What book would you like to recommend?

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When our second son, Danny, was born — with Down syndrome and a host of other medical challenges — I created Ocean and Stars blog to share information about his development with family and friends.  I also hoped that the blog would have a broader educational effect on issues related to Down syndrome.  It was partly due to my enjoyment with Ocean and Stars that I decided to get back directly involved with Papyrus News and move it to a blog format.

Now that Danny is almost six months old, we are increasingly paying attention to issues related to his physical and cognitive development, including the development of communication skills, language development, and (pre-)literacy development.  That puts me in a quandry — what do I post on Ocean and Stars and what do I post on Papyrus News?

The quandry is not only because the content issues that I may be addressing on Ocean and Stars with professional issues of interest to Papyrus News readers (such as language development, literacy development, social inclusion, use of media, etc.)  But also because, for me, part of the success and joy of Papyrus News over the years has been the way it has allowed my own personal voice to be expressed.  I would hate for Papyrus News to become a dry technical outlet for narrowly defined professional issues, with all the things I really care about personally discussed on Ocean and Stars.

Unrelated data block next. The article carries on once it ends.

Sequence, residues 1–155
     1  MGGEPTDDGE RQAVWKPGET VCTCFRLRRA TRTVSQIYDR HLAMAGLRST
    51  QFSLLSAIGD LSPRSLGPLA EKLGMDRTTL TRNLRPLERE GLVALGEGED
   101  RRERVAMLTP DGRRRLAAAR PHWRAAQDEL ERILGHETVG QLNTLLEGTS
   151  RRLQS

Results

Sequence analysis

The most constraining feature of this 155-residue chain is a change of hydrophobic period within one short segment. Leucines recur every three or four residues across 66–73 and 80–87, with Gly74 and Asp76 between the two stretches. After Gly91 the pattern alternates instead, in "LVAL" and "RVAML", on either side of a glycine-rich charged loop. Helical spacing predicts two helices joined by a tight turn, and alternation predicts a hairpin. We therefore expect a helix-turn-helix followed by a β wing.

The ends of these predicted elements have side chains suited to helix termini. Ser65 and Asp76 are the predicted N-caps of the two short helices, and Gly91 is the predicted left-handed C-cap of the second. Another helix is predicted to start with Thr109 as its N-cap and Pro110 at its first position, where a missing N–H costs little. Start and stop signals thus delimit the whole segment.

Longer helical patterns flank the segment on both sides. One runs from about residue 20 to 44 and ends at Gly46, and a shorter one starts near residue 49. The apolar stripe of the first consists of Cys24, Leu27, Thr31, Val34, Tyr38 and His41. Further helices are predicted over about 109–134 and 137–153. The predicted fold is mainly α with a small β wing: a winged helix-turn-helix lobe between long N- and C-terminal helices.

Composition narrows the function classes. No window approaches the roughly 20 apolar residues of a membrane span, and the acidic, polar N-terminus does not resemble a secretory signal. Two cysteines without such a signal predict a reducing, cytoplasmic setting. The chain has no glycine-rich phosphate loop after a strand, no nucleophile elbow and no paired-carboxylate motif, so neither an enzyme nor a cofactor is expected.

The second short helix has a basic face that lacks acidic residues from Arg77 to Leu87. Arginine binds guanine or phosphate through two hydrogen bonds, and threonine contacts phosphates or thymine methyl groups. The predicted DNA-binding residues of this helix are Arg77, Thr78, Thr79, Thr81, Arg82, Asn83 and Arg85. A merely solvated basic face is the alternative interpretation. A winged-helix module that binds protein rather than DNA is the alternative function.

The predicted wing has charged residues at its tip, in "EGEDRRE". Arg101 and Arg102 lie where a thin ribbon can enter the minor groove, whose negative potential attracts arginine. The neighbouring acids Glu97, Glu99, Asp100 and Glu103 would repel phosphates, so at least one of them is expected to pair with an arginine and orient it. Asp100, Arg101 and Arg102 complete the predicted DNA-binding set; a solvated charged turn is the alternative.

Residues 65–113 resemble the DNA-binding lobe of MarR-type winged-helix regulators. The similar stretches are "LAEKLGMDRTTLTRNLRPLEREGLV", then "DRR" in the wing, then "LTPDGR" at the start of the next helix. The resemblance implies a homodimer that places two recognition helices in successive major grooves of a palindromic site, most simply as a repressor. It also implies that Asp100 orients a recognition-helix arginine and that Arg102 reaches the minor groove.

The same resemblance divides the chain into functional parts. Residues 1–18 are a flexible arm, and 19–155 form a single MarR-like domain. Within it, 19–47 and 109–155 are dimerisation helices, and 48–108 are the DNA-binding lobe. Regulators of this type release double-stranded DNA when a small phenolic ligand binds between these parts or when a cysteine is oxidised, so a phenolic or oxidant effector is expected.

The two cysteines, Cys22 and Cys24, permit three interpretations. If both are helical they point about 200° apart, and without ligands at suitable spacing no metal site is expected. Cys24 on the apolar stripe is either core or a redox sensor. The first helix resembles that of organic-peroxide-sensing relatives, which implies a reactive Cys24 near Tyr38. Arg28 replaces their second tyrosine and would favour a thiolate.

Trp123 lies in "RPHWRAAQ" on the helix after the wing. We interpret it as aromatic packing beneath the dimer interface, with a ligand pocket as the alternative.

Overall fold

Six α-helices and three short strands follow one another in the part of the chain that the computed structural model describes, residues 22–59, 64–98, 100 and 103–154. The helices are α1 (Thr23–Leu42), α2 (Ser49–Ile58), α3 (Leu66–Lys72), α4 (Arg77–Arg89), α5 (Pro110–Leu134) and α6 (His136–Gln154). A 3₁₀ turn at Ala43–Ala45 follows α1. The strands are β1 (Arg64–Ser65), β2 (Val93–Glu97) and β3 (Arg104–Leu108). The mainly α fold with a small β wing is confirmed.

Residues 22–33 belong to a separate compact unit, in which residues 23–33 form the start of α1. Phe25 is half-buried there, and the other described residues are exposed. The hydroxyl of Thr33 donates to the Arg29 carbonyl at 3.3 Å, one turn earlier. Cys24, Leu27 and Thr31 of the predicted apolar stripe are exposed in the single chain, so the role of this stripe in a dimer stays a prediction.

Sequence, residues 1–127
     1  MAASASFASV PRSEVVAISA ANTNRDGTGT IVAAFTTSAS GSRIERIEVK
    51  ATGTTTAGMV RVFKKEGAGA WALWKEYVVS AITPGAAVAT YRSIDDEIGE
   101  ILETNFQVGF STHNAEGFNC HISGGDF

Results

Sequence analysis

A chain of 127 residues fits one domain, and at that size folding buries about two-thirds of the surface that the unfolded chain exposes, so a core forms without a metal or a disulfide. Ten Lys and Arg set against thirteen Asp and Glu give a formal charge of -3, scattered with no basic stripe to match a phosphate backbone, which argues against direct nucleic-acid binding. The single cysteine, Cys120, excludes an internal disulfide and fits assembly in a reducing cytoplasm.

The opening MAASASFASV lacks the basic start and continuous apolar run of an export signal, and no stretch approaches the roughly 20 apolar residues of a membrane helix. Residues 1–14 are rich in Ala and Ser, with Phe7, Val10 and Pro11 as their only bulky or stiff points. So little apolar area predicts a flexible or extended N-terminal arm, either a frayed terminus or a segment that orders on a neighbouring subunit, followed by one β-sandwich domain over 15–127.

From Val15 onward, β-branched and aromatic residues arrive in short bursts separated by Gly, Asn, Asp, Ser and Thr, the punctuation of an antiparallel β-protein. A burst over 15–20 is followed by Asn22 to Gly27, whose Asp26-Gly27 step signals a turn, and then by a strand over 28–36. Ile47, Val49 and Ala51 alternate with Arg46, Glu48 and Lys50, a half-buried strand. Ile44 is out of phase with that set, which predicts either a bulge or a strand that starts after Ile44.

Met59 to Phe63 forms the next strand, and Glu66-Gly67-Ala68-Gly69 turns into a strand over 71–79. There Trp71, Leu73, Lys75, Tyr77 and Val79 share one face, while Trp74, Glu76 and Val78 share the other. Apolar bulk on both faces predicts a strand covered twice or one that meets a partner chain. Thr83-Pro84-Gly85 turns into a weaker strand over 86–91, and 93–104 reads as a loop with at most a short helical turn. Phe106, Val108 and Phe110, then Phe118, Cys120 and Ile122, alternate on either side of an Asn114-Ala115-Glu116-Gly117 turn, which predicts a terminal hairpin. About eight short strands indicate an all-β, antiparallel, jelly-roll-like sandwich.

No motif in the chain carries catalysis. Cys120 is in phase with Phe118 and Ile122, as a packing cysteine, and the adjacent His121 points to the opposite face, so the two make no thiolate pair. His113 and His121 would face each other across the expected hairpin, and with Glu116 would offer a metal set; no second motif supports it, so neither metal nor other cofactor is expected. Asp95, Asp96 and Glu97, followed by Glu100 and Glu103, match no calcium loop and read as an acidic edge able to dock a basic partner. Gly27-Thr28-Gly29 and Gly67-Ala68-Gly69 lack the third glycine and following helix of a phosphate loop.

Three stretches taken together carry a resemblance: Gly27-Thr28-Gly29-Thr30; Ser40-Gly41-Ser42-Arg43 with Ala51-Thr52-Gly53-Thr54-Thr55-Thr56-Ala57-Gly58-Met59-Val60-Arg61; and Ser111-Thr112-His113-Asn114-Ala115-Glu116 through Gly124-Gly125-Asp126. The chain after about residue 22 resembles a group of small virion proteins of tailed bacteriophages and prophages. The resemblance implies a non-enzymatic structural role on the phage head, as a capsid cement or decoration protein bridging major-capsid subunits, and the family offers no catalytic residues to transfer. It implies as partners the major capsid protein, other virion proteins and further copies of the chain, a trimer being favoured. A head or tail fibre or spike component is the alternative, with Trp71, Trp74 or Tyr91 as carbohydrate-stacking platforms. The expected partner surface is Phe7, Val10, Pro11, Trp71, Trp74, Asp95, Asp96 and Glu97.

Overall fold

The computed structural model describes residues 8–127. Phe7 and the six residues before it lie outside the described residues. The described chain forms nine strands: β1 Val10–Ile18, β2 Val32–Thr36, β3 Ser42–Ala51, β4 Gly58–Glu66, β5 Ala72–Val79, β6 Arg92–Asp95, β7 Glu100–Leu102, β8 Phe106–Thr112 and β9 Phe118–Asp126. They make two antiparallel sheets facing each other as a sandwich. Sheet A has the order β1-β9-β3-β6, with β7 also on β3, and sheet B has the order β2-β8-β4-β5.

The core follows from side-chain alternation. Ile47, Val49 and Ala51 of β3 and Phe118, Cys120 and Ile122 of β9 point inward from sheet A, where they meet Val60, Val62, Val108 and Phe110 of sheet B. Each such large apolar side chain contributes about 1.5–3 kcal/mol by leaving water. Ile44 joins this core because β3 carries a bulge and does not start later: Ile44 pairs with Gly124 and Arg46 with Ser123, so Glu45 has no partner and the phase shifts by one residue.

A couple of days ago I was at a fascinating presentation on teaching sight reading (reading by recognition of words rather than by sounding out) to babies with Down syndrome (age 0-3).  I’m still digesting and thinking about the presentation, and as I do so, I’m not sure where to write about it.  This is exactly the type of information I want to have on Ocean and Stars–to be accessible to the community of people that are interested in Down syndrome–but it also overlaps so much with what I would ordinarily want to talk about on Papyrus News, as it makes me think about issues related to early literacy development (and, to a certain extent, even the role of media within it.)

I haven’t yet written about this, but I did write, on Ocean and Stars, about a more general issue of evaluating early intervention services for children with Down syndrome, using an analogy of evaluating the impact of computer use in schools.

This of course is only the beginning.  There are so many other issues related to Danny’s development, and the broader development of children with Down syndrome, that intersect with my research issues prior to Danny’s birth.  What about bilingualism and multilingualism?  What about sign language?  What about assistive technology–or broader uses of technology for social inclusion?  What about the social context of education and how it mediates diverse people’s access to language and literacy development, or technology access?  How will I manage, and distribute, discussion of these issues between Ocean and Stars and Papyrus News?  Something for me to think about.